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Anonymous 17/12/01(Fri)21:08 No. 485 ID: cfbfa4
485

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The proposal to turn the Internet into cable television:
http://transition.fcc.gov/Daily_Releases/Daily_Business/2017/db1122/DOC-347927A1.pdf

This will be "considered" at the FCC's monthly meeting on December 14th.

It's not what I thought it was. I thought it would be about putting control of the internet into corporate hands, raising the cost of hosting and streaming services nationwide, and forcing the people to pay for access to individual web sites like cable TV channels. It does those things, but its higher priority is undoing things that were done during the previous administration. This is yet another attempt by the current administration to make the American people and the world forget there was ever a black president by erasing any trace of a political legacy that could be attributed to his leadership (even though the president has no authority to direct the FCC). Destroying the internet as we know it will be a side effect.

Specifically, the proposal reverses this order:
https://apps.fcc.gov/edocs_public/attachmatch/FCC-15-24A1.pdf

Highlights:

Key to the proposal is defining broadband Internet access as a luxury, not a utility. Specifically, to reclassify broadband ISPs as Title I "information services", reversing their 2015 reclassification as Title II "telecommunications services" and bringing us back to 2014's Verizon Communications Inc. v. FCC, in which it was determined that the FCC relinquished the authority to regulate broadband ISPs blocking or throttling any information being transmitted through their networks by distinguishing them from "common carriers" as was confirmed in 2004's NCTA v. Brand X Internet Services.

The proposal repeats certain words and phrases to an almost hypnotic effect, among them "restore internet freedom" (what it purports to do) and "heavy-handed, utility-style regulation" (in reference to the 2015 order) and "light touch" (to describe it's strategy of regulation-free regulation that will magically prevent the telecom conglomerates from holding the internet for ransom).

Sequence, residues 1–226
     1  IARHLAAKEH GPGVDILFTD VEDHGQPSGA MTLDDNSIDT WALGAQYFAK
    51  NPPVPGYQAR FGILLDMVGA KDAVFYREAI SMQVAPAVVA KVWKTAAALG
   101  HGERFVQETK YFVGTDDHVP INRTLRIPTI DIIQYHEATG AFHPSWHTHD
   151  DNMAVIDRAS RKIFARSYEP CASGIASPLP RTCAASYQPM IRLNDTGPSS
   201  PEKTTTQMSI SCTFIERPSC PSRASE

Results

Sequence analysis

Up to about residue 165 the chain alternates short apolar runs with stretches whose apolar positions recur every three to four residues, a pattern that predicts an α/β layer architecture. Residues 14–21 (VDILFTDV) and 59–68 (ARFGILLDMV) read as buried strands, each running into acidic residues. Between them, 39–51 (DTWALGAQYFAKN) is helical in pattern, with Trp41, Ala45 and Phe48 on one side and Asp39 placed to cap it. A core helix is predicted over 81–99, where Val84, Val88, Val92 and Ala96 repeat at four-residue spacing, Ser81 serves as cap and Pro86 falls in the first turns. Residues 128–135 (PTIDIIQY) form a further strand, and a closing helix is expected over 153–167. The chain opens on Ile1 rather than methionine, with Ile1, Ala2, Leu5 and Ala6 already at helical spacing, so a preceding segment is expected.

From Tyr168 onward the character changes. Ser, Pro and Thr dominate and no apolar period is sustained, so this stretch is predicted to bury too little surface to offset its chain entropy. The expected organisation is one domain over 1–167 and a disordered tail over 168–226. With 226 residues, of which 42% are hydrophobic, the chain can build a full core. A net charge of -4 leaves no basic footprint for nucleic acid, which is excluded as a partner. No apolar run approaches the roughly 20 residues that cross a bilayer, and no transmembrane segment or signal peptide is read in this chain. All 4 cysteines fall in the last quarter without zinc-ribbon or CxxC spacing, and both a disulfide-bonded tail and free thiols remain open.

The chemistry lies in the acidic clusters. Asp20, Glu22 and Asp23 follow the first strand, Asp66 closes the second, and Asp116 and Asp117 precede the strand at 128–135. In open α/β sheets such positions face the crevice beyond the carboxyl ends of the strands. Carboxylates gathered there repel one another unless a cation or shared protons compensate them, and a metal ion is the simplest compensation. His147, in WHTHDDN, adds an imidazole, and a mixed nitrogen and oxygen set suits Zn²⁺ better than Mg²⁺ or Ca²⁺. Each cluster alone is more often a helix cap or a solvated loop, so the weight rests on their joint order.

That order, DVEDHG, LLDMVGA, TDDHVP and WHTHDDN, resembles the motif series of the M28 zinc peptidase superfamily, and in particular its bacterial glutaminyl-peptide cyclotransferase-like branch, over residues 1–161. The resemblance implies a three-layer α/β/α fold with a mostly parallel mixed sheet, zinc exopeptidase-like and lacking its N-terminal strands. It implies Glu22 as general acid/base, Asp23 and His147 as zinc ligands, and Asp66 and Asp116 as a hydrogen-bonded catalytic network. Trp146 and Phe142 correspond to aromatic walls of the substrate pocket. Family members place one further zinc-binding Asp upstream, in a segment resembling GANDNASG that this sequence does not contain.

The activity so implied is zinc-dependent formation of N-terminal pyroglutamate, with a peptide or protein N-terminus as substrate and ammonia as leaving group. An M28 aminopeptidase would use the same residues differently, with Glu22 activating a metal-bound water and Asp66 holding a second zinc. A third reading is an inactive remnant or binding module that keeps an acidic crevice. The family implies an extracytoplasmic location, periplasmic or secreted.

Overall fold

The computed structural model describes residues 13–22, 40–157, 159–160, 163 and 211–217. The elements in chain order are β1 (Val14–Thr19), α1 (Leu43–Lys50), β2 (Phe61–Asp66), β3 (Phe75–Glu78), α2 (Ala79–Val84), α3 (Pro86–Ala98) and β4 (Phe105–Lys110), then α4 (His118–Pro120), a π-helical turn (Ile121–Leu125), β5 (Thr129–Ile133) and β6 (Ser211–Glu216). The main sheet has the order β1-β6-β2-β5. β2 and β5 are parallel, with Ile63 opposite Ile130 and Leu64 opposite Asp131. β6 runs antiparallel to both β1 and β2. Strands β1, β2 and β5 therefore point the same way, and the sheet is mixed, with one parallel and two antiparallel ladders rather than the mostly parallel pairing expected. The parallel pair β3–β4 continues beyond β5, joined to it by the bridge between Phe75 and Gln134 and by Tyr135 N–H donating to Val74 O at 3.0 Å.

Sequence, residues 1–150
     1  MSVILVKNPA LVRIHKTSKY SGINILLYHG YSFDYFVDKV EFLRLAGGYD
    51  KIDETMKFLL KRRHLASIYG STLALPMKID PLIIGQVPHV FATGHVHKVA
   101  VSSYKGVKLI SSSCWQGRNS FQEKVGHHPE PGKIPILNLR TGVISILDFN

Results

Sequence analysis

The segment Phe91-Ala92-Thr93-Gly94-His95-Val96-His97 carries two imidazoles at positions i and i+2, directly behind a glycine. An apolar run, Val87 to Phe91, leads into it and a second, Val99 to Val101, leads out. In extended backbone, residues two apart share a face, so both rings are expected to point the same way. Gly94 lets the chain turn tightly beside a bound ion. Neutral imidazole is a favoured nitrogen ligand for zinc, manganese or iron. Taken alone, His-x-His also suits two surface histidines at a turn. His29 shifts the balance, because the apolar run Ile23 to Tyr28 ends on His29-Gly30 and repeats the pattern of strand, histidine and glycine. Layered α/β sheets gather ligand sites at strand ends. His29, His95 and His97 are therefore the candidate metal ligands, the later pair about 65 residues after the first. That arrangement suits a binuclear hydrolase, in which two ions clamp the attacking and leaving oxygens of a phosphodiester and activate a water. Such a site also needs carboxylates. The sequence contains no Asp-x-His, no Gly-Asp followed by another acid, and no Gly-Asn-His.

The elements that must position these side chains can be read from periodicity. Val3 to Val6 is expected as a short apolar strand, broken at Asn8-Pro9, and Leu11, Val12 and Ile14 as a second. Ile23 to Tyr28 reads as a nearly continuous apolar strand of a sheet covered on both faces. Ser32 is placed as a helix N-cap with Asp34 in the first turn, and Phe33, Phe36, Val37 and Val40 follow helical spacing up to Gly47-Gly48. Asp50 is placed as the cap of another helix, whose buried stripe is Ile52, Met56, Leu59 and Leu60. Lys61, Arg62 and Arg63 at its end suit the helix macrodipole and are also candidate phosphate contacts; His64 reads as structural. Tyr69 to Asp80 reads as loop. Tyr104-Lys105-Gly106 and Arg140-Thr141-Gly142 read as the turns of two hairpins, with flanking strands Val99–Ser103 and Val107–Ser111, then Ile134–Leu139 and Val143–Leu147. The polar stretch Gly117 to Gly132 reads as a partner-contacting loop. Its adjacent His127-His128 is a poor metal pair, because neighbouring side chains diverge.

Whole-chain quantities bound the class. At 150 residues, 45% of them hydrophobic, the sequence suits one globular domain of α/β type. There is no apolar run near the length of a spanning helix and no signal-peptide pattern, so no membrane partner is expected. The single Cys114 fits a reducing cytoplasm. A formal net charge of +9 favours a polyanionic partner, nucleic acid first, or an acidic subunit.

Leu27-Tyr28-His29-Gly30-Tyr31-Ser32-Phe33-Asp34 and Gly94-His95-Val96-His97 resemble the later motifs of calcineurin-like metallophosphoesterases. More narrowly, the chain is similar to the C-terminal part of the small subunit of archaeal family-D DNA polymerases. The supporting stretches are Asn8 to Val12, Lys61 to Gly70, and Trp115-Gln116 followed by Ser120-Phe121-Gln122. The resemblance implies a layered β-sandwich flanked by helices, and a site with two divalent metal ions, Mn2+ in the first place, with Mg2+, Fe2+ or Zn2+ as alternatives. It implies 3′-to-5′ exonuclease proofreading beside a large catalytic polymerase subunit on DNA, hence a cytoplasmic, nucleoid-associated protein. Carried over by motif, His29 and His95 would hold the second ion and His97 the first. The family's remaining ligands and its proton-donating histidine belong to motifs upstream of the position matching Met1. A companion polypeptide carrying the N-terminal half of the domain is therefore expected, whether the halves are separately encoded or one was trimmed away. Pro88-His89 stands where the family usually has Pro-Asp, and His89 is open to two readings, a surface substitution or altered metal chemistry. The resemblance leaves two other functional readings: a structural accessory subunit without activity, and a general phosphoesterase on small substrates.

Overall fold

It also claims that it will increase ISP transparency, except for all those "burdensome" transparency requirements added in 2015 (like requiring ISPs to disclose packet loss and when their network policies will affect their service) and modify some of the requirements from the 2010 Open Internet Order for "increased" transparency.

Oh, and there will be no further need for the FCC's 2015 conduct rules, because transparency and ...you can personally sue them yourself if you think they are violating the open Internet? No seriously, that's the proposal: individual people can use the existing legal system to defend their access to the Internet, if they can prove their ISP is doing something wrong, and they have the money, and the time, and ...yeah, not likely.


>>
Anonymous 17/12/02(Sat)11:10 No. 486 ID: 27723a

>>485
errata:
NCTA v. Brand X Internet Services happened in 2005, Verizon Communications Inc. v. FCC made use of the resulting Title I classification of broadband ISPs to strip rules preventing blocking and throttling from the FCC's 2010 Open Internet Order.

tl;dr: The FCC started off on the wrong side, the Supreme Court made a distinction between services that provide a communications channel and services that provide communication, while small-time ISPs fought for Title II classification to force cable lines open for licensed use (like telephone lines) and foster competition, only to lose and soon fade into history. The only side sending a consistent message and keeping their shit together have been the telecom conglomerates, who will never, ever stop trying to turn the Internet into cable TV.


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Anonymous 17/12/04(Mon)23:42 No. 487 ID: a870df
487

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What's real fun is that under Title I and without common carrier protections, they are liable for all traffic carried over their network.

If you commit a crime using their network, under Title I they're considered to be an accomplice to the crime. This is what common carrier prevented.

But because Verizon's execs want ever-greater forms of compensation, they sued common carrier out of the way, which lead to them being classified as Title II.

Now they're back to Title I without common carrier protections. Which means they're back to being liable for acts committed by customers using their network.

Almost every sketchy business that only accepts bitcoin as payment? ISPs are now liable for them. The act of receiving and transmitting information about the blockchain transaction? Liable.

They wanted it, they got it. And I hope they choke on it.


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Anonymous 17/12/09(Sat)10:56 No. 497 ID: a20cea

>>487
>under Title I they're considered to be an accomplice to the crime
They're just going to make that go away with lawyers and money you know.


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Anonymous 17/12/10(Sun)13:28 No. 498 ID: 15ac11
498

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>>497
They'd better beef up their legal departments, since they're accomplices on federal, state, and local levels.

Getting dragged into court in every municipality in the country tends to be a bit of a drain.

But I'm sure that the GOP, being such vocal supporters of state rights, would certainly never stand in their way.



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